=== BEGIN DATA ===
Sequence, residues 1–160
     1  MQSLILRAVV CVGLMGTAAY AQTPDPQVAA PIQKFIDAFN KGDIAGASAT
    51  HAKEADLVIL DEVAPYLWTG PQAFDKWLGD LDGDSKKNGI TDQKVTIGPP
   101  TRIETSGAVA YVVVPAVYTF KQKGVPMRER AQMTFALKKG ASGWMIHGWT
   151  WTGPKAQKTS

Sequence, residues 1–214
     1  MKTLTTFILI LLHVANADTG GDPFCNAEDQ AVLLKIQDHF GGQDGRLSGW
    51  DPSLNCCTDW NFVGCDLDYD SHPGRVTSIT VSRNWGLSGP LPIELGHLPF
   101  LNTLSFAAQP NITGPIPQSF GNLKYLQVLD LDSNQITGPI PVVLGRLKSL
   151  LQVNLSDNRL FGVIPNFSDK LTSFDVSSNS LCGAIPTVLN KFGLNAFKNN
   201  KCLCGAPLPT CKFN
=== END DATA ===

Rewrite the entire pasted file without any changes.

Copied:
Sequence, residues 1–160
     1  MQSLILRAVV CVGLMGTAAY AQTPDPQVAA PIQKFIDAFN KGDIAGASAT
    51  HAKEADLVIL DEVAPYLWTG PQAFDKWLGD LDGDSKKNGI TDQKVTIGPP
   101  TRIETSGAVA YVVVPAVYTF KQKGVPMRER AQMTFALKKG ASGWMIHGWT
   151  WTGPKAQKTS

Sequence, residues 1–214
     1  MKTLTTFILI LLHVANADTG GDPFCNAEDQ AVLLKIQDHF GGQDGRLSGW
    51  DPSLNCCTDW NFVGCDLDYD SHPGRVTSIT VSRNWGLSGP LPIELGHLPF
   101  LNTLSFAAQP NITGPIPQSF GNLKYLQVLD LDSNQITGPI PVVLGRLKSL
   151  LQVNLSDNRL FGVIPNFSDK LTSFDVSSNS LCGAIPTVLN KFGLNAFKNN
   201  KCLCGAPLPT CKFN